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Breaking Free: Public School Lessons and the Imperative of School Choice
by Sol Stern
Breaking Free.
 
  S oundings

Falling Dominoes
Sol Stern
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One by one, former voucher opponents are becoming supporters.

It looks like vouchers are an idea whose time has come. The teachers'-union-dominated Democratic Party has until recently steadfastly opposed legislation that would provide private school vouchers for poor kids trapped in failing public schools. But now there are powerful signs that the party's opposition may be weakening, even at the very top. True, Vice President Al Gore hasn't endorsed vouchers. But by selecting voucher sympathizer Joe Lieberman as his running mate in the 2000 presidential race, he makes it harder for defenders of the status quo to taint pro-voucher forces as part of a "vast right-wing conspiracy" out to destroy the nation's public schools.

Almost every week, another Democratic domino falls, bringing new defectors to the voucher camp, including former congressman and UN ambassador Andrew Young and Columbia Teachers College president Arthur Levine. Even progressive-ed guru Howard Gardner recently admitted in the New York Review of Books that American education is moving irresistibly toward a mixed system of vouchers, charter schools, and traditional public schools.

Another tumbling domino is The New Republic. Having promoted Al Gore's presidential candidacy for the better part of two decades, the liberal weekly broke with the vice president on vouchers just after the Democratic convention. "The presidential candidate is wrong and the vice presidential candidate is right" on vouchers, the magazine's editorialist intoned. "We do not fully know whether vouchers will work. But the Democratic Party must no longer be afraid to find out."

And now Robert Reich, Bill Clinton's first secretary of labor and a champion of the party's populist wing, joins the list. Writing in the Wall Street Journal, Reich proposed combining vouchers for poor inner-city students with equalization of education spending between the suburbs and the city. Reich didn't say so, but this is close to what Republican Lisa Graham Keegan is doing in Arizona as the state's education boss (see "What Is Public Education?" on page 36). Finally, the New York Times recently picked up the language City Journal has been using for three years and speaks on Page One of vouchers as a civil rights battle.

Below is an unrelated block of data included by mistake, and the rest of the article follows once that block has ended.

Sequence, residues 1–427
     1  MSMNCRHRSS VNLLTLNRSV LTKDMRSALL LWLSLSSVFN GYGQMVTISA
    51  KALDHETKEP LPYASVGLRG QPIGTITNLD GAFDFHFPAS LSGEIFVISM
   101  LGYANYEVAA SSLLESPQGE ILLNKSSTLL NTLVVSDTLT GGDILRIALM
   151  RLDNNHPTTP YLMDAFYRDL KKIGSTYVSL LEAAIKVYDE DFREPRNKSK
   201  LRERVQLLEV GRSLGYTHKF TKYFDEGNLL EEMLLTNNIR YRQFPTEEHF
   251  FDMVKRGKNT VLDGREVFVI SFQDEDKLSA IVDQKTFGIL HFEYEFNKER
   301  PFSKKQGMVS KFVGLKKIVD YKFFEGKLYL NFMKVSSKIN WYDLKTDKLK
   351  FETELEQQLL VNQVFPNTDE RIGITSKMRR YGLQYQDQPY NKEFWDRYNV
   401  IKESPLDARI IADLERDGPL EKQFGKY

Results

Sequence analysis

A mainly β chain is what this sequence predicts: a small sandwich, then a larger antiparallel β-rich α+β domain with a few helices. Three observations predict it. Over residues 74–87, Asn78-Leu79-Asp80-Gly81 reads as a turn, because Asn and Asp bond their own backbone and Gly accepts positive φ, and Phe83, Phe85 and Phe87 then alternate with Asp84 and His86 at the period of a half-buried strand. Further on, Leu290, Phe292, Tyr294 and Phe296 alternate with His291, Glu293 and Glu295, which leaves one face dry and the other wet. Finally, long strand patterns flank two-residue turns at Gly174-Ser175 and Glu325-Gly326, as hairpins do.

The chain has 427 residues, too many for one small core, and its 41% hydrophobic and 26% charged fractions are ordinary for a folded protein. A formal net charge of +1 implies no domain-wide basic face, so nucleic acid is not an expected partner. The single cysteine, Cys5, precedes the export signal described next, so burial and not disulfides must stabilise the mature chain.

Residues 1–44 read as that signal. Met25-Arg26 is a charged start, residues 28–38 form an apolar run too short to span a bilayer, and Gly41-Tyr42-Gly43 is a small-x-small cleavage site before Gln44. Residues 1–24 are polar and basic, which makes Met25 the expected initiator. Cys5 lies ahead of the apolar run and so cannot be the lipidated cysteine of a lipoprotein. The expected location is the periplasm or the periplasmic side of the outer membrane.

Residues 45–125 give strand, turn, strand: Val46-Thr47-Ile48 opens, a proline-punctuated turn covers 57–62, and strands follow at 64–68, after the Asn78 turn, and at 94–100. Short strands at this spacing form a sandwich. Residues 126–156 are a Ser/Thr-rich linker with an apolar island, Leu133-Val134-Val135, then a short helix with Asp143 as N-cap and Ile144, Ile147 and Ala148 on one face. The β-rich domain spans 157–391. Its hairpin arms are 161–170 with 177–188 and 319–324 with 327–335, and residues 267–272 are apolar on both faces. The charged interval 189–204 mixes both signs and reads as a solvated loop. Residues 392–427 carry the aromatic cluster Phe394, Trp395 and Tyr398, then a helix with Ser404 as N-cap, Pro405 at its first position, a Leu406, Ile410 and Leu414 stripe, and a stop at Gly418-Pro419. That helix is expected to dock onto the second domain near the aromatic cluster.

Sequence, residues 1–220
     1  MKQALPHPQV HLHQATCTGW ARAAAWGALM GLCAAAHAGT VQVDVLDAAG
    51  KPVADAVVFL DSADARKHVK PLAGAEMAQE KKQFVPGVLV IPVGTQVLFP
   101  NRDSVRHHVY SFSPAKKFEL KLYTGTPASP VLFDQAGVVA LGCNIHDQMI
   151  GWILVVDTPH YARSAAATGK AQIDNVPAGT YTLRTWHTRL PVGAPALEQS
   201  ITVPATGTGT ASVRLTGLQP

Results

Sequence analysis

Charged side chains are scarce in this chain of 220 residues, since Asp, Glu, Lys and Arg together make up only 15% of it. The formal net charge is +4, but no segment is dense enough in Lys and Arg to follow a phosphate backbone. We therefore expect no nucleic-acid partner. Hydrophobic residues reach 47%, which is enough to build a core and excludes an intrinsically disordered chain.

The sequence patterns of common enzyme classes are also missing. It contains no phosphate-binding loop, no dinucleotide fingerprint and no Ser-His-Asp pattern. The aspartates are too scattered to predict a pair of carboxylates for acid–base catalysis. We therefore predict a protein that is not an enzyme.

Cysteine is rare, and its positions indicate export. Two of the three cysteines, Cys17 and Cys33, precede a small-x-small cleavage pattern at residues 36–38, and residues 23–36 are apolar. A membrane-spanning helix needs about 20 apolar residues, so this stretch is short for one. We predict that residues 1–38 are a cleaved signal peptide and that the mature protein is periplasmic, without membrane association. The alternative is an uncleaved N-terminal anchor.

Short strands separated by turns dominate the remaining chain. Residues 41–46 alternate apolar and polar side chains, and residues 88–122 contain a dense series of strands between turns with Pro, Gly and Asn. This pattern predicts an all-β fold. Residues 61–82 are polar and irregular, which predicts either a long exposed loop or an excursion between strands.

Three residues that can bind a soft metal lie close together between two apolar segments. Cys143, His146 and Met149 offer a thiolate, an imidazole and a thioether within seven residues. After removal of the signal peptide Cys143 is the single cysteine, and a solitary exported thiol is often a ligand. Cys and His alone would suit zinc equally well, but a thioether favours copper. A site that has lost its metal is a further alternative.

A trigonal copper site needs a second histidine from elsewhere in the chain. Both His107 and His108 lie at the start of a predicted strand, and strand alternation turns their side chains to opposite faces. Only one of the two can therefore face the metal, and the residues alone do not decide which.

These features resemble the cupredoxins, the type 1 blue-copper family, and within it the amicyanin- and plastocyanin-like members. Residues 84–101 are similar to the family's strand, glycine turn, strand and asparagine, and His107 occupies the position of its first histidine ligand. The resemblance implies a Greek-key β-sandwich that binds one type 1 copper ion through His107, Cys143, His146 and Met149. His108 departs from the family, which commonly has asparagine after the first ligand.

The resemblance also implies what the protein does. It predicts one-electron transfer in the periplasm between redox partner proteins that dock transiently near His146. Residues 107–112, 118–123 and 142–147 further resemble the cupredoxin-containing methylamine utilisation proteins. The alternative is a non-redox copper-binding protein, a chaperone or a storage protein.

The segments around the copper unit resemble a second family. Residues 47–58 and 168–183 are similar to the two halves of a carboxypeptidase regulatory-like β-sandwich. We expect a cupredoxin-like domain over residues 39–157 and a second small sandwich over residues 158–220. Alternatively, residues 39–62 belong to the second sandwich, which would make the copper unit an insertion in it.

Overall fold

A George W. Bush administration (with Keegan, say, as education secretary) would mean enthusiastic White House sponsorship of some form of voucher legislation. But even if Gore wins, vouchers could gain ground. Suppose the congress again passes a means-tested voucher bill for kids stuck in Washington, D.C.'s horrendous public schools. With prominent Democrat defectors, overwhelming urban minority support for vouchers, and with Lieberman making a case for letting a D.C. experiment go forward, there's a decent chance that Gore would sign such a limited bill—if not out of conviction, then to continue the Clinton administration's tradition of co-opting popular Republican issues.

And what would the powerful teachers' unions do about their candidate's political betrayal? The same thing the liberal constituencies that helped elect Bill Clinton did when he signed welfare-reform legislation: grumble and adjust.

 

 


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